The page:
Last month, United Nations Goodwill Ambassador Emma Watson's moving speech on feminism launched the UN's "HeForShe" campaign, encouraging 1 billion men and boys to join the fight against inequalities for women and girls globally. Three weeks later, Pakistani activist Malala Yousafzai became the youngest recipient ever to win the Nobel Peace Prize for her work to advocate for girls' right to education. It is not only exciting to see women's rights taking center stage but to see such shining examples of young, female leaders as a force for change.
As gender-based inequalities continue to pose grave threats to health systems, economies and societies, it's empowering to watch these women fighting for a healthier, more educated and more equal world. These are just two examples of remarkable women who are working diligently -- as leaders and spokeswomen and at the grassroots, national and global level -- to enhance the lives of others across the globe.
This week, my organization, Friends of the Global Fight Against AIDS, Tuberculosis and Malaria (Friends), is privileged to bring together two extraordinary models of female leadership for an intimate discussion on global health and development. On Oct. 30, Dr. Helene Gayle, President and CEO of CARE, and Barbara P. Bush, Co-Founder and CEO of Global Health Corps, will share their unique perspectives on the role that U.S. leadership plays in the fight against the three diseases on which Friends focuses. Both of these impressive women leaders came to global health by way of personal experiences. They can each speak with authority to the progress we have made to date in the worldwide fight against diseases such as HIV/AIDS, tuberculosis and malaria, and what more must be done.
When Dr. Gayle started her career at the Centers for Disease Control and Prevention in the mid-1980s, HIV/AIDS was a newly discovered virus. Though people counseled her to stay away from it -- saying it was no more than a medical curiosity that would be quickly solved and never have major public health importance -- she chose, instead, to make AIDS the focus of her work. Her career includes 20 years with the Centers for Disease Control, where she served in various capacities and achieved the rank of Rear Admiral and Assistant Surgeon General in the U.S. Public Health Service as well as serving as the AIDS Coordinator and Chief of the HIV/AIDS Division for the U.S. Agency for International Development. She also directed the HIV, Tuberculosis and Reproductive Health Program at the Bill & Melinda Gates Foundation.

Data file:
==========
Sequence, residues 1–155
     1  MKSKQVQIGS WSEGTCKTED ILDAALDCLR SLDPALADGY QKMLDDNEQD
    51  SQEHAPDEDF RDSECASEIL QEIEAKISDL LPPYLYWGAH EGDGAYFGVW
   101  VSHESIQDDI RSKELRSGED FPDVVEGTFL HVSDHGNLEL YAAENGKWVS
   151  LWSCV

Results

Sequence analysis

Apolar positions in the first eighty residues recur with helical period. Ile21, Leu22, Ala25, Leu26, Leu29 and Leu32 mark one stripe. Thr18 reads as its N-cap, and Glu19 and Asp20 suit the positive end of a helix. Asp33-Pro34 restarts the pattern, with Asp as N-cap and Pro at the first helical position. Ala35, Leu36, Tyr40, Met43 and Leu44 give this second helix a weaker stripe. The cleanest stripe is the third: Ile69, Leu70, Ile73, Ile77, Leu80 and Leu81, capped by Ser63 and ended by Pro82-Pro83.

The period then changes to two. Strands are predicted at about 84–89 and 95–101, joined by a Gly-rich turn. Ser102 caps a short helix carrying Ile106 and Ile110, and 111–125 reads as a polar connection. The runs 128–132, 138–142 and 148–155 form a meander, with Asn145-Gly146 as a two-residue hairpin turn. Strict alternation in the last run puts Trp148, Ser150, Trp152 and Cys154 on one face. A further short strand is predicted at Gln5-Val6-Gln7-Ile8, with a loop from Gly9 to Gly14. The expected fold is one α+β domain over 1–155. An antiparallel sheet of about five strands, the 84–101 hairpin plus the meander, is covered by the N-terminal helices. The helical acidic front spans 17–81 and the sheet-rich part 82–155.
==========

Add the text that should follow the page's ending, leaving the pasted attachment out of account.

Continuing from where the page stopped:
Currently, Dr. Gayle leads the humanitarian organization, CARE, which works to serve the world's poorest communities, with a special focus on women. She has said that, in her role, "the most encouraging [experience] is when I can see the impact we have had in our investment in girls and women. For example, seeing what a two dollar loan can do to change the life of a woman and her family."
For her part, Barbara P. Bush's entry to global health came unexpectedly. The daughter of former President George W. Bush, Ms. Bush traveled with her father to Uganda as he launched the President's Emergency Plan For AIDS Relief (PEPFAR) in 2003. The trip made such an impact that it was not long afterward that she switched her college major; her experience in Africa spurred a strong desire to help change the world as a global health advocate.
Following graduation, Ms. Bush took a job with the Red Cross Children's Hospital in South Africa and interned with UNICEF in Botswana. She also traveled with the UN World Food Programme, focusing on the importance of nutrition in antiretroviral treatment, and is a member of both UNICEF's Next Generation Steering Committee and the World Economic Forum's Young Global Shapers.
In recent years, Ms. Bush co-founded Global Health Corps (GHC), an organization that works to mobilize the next generation of leaders in the fight against health inequity. Six years after it began, GHC has expanded its network by 500 percent - from placing 22 fellows in eight organizations in 2009, to placing 128 fellows in 59 organizations in 2014.
As GHC's leader, Ms. Bush has frequently advocated for the inclusion of young people in global health policy, as well as for women's rights. Earlier this month, in praising Malala Yousafzai's Nobel accomplishment, she emphasized the importance of female empowerment in the fight for a healthier world. "It is well documented that when societies educate girls -- as well as boys -- and value educated women, all citizens are healthier and more prosperous," she said.
As a fellow global health advocate, it gives me great hope to see organizations like CARE and GHC continue a much-needed push to improve the quality of life for women and girls around the world. It is inspiring to see individuals like Helene Gayle and Barbara Bush leading the charge, heralding a new wave of leaders, including Malala and Emma. I have no doubt that when powerful, visionary women such as these join together, they can indeed change the world.